The most effective way to investigate just how vital music is to the emotions in a film is to conduct an experiment, with multiple subjects watching film clips accompanied by different music and finding out how their emotions differ. Julian F Thayer and Robert W Levenson did just this in “Effects of Music on Psychophysiological Responses to a Stressful Film” (1983). They used a film used for stressful stimulus in psychophysiological research, and made three versions of it to play to subjects: one with no music; one with a score designed to induce stress and fear, and another with
documentary-like music written to decrease listeners’ anxiety levels. They monitored the cardiovascular, electrodermal and somatic responses in the subjects whilst they watched the films, and also received a separate report of the subjects’ personal perceived stress levels.
After testing sixty subjects, they found that the music made considerable difference to the perception of the film and altered the anxiety levels of the subjects greatly. They also discovered that there wasn’t much change in the heart rate of the subjects over the three versions of the film, but the electrodermal responses varied greatly. This means that the conductivity of their skin changed depending on the film, which is an indicator of emotional response. The stress levels of the subjects rose along with the horror-like music, and lowered with the calmer documentary-like score, and the version with no music placed directly in between those two when it came to electrodermal response.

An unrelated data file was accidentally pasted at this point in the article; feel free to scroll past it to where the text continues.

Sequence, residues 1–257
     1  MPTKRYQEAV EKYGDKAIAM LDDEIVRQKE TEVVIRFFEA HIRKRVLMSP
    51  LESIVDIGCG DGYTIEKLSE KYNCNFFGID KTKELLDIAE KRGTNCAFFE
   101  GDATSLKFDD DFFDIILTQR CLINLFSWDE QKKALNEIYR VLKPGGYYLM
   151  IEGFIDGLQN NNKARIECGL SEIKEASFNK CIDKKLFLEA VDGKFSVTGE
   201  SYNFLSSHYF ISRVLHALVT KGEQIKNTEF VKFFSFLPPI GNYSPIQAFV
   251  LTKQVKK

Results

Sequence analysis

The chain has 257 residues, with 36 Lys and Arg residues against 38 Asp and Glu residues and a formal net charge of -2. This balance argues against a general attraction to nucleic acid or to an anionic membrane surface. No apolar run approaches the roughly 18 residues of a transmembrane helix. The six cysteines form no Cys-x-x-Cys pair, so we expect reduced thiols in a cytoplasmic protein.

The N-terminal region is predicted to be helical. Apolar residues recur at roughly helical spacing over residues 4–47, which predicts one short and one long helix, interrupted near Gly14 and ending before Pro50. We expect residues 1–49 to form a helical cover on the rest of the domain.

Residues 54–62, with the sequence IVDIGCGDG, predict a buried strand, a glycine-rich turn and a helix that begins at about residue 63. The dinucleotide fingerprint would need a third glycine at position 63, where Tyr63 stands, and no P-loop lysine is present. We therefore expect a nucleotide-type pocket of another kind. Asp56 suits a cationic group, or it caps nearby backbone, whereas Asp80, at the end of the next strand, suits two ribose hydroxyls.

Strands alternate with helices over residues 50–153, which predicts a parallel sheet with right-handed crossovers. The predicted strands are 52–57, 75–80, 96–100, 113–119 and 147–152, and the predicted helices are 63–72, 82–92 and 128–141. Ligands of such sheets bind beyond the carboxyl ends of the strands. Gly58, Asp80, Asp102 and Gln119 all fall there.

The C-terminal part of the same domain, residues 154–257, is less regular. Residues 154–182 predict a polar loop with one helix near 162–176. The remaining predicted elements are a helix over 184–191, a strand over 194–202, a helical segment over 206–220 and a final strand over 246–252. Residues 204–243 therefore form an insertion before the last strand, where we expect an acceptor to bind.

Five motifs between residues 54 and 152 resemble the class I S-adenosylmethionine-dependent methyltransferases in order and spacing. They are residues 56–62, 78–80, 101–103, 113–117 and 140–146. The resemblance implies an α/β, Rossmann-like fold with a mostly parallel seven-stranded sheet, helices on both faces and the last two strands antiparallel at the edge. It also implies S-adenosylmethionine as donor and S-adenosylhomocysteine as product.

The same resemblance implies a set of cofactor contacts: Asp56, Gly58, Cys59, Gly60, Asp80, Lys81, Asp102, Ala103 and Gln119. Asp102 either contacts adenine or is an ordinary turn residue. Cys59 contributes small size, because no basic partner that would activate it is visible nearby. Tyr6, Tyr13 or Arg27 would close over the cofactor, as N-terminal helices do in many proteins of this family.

Although this experiment focused solely on the stress and anxiety factors, it is still clear proof that music can make a great deal of ...
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...d cadences against us to make us feel stress or unease.
The initial aim of this paper was to explore and investigate the ways in which music can have an impact on the emotions of film viewers, and how important it is to the film as a whole. Research into the psychological impact of music along with compositional techniques have further detailed the ways that humans react to music and how Composers manage to achieve the intended effect from listeners. Studies have also proven just how effective music can be in changing the interpretation and feel of a scene, and that is the main and most conclusive argument for music being an irreplaceable asset for portraying emotion both in film and beyond. It is a hope that through new technologies entering into the film industry, that both music and film can continue to evolve and possibly connect even further with the audience.
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